"Everyone at GOG believes in a 'gamers-first’ approach. It means that every part of our store is designed with gamers in mind and your purchase safety and satisfaction come first for us. The latest update to our voluntary Refund Policy adds another piece to this customer-friendly experience. And it all sums up in one sentence: starting now, you can get a full refund up to 30 days after purchasing a product, even if you downloaded, launched, and played it. That's it.

It’s important for us to say that this update is possible thanks to your respect for all the time and hard work put into creating the games you buy on GOG.COM and playing by the rules. We're grateful for that and encourage you to continue to do so.

For more details on how the change works, please check this FAQ article."

1 month ago

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GOG is great, as usual.

1 month ago
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its my best store, sadly they dont have regional prices for my country and there is a huge price difference between steam.

1 month ago
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+1

1 month ago
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it wont last long

1 month ago
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While as it's a nice gesture, I have to wonder if it'll increase developer/publisher wariness when deciding whether to put games on the service or not. GOG already has it tough enough trying to convincing them to embrace the DRM-free aspect of the store.

1 month ago
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so they are offering free 30 day trial for any game?

1 month ago
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yes and with some games that only take a few hours to complete - they will for ever be refunded

1 month ago
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30 days allows you to play even the longest game if you really wanted to...

1 month ago
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that's true

1 month ago
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Not always. Some people won't use this trick.

1 month ago
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If someone is abusing the system and keeps playing and refunding games, they will probably stop allowing refunds for that person or just lock their account so they can't purchase anything.

Technically, you can play through all the games on Steam for free if you want to because you can create an unlimited number of free accounts. Just play the game for less than 2 hours and make a local backup of your save file. Then refund the game, purchase it on another Steam account and start playing from the save you backed up locally on your computer. Then refund again and repeat. Create as many Steam accounts as you need to play through the game in 2 hour increments. I'm pretty sure Steam will eventually lock your accounts though, just like GOG will.

1 month ago
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''This is why there are no limits but instead, we reserve the right to refuse refunds in individual cases.''

meaning if they see you play a game for a long time and have no valid reason to refund, they will deny

1 month ago
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Yeah, this won't get abused at all. Buy the game, download the installer (drm-free), refund, play the game anytime, anywhere for free.

1 month ago
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You could just pirate the installer with less hassle if you want that.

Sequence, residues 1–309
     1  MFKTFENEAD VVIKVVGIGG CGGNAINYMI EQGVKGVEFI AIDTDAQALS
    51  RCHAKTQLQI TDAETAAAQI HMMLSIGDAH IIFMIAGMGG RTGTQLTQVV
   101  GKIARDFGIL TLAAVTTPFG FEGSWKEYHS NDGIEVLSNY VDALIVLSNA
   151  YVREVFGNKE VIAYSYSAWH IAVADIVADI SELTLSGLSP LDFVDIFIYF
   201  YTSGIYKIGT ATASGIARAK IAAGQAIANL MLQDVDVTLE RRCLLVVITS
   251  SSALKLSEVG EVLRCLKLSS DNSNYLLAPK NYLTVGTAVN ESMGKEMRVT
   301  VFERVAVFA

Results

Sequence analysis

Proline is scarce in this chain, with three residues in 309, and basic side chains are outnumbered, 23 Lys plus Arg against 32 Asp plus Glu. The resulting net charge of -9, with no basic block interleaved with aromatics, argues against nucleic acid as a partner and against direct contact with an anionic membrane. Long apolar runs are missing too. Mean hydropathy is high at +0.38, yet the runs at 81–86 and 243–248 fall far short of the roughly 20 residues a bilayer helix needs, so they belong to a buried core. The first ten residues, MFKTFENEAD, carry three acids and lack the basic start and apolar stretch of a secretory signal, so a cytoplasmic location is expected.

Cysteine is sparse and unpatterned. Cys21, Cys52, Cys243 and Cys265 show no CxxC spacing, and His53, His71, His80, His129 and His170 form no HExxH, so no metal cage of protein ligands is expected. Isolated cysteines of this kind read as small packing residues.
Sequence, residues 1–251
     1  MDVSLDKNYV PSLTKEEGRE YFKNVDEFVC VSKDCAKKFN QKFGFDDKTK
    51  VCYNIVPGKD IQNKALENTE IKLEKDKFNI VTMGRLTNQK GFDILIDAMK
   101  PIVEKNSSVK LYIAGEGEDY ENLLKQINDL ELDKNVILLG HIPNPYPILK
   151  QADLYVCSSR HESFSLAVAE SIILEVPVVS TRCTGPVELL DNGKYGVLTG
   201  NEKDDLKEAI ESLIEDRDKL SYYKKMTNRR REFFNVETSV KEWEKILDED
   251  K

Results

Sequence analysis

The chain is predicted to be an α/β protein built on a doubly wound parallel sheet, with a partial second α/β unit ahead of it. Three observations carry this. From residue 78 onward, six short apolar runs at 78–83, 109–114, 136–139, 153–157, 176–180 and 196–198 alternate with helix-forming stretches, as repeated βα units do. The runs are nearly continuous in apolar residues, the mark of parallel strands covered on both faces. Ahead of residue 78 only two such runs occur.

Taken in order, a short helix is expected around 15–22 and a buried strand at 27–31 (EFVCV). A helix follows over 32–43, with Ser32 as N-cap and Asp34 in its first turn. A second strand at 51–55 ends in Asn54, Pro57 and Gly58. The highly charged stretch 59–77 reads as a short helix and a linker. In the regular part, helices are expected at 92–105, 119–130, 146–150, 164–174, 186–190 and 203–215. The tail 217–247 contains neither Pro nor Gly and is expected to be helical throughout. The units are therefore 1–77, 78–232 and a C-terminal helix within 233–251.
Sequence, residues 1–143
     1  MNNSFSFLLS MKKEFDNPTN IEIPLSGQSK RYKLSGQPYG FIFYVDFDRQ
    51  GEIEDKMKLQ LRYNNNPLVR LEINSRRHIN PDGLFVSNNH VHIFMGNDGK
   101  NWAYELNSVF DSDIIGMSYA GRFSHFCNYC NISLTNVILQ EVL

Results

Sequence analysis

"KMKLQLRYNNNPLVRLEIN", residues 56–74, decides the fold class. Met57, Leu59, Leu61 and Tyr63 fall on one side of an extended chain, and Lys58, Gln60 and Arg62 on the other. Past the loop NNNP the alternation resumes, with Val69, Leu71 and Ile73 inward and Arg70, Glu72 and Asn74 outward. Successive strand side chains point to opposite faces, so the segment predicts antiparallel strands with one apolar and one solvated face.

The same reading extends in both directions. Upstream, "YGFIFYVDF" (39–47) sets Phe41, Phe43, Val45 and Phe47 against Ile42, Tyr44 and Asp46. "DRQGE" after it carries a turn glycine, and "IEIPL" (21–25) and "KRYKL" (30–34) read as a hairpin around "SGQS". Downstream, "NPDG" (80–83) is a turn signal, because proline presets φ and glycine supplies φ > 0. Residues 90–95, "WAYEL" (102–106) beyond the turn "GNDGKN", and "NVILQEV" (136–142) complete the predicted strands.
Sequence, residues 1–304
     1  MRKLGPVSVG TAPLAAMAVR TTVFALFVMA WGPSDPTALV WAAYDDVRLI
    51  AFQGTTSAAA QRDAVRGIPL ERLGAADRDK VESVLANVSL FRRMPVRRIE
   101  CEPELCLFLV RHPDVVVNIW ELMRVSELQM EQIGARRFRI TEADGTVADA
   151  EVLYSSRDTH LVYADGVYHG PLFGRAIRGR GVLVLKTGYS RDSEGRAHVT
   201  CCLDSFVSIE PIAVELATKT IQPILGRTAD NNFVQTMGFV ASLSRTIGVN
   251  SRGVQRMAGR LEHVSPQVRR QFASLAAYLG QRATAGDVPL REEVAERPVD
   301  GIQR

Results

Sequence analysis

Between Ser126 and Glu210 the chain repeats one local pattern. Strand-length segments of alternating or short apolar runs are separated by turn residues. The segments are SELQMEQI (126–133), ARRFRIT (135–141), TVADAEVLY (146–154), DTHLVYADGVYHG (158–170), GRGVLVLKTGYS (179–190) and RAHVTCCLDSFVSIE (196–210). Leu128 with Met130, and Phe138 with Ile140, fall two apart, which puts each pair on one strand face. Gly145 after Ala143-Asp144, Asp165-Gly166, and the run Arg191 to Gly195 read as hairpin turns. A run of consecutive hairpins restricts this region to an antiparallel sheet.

1 month ago
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Yep you could be a pirate, but at least through GOG he won't be downloading a virus as well... shrugs

1 month ago
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GOG's installer files appear on torrent sites and vKontakte download lists minutes after the games are launched.

1 month ago
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And how are GOG still in business... hmm

1 month ago
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Simple. Not everyone is completely amoral and a lot of people, once they have a decent income, happily pay some money since they know that devs have to make a living as well. Ever since I have a stable job, I haven't play a pirated game, since there is no point doing so.

1 month ago
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It's a lot worse, I know of a private torrent site someone kept updating a set each week that grew to over 1.5tb, but the person stopped, when so many sites went down because of lawsuits.
I am sure it all went underground and someone probably still has a set of everything (which by now would be bigger then 5tb, i know someone made that calculation).

There is still another site somewhere that has a 500gb set and with a safeyear (<2004).
Gog has some games no longer for sale, so for achiving purposes it's atleast handy.
Overall i must say the amount of uploads compared to some years ago really diminished, and think people lost interest, especially because GOG used to have more exclusives on oldies, now it's games that are on steam also anyway.

Also there is just a plain open website with all if not most all of their games to just download.

There is also a project called exodos (and one called win3x0) which someone entirely made himself which contains every possible dos game ever, all tested with documentation and screenshots, running through launchbox, but that's the best real nostalgia collection out there for all those games gog will never rights too. Just as illegal (even though we talk about mostly abandonware) but still it's there.

1 month ago*
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Never understood myself why anyone would want to download a virus, but I guess that's one minus for GOG for those people.

1 month ago
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You know what I meant.

1 month ago
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there are alreaady torrent packs of all gog games, so I don't see how it can get worse. All this time they were making money on fair customers anyway.

1 month ago
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Isn't 30 days little too much? Not that I use the refund option, as I am responsible and know what I am buying. ;)

1 month ago
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I think, it's doesn't matter. If man want to use "buy-play-refund" trick, he can just use torrent. If man doesn't want use this trick - he won't use refund.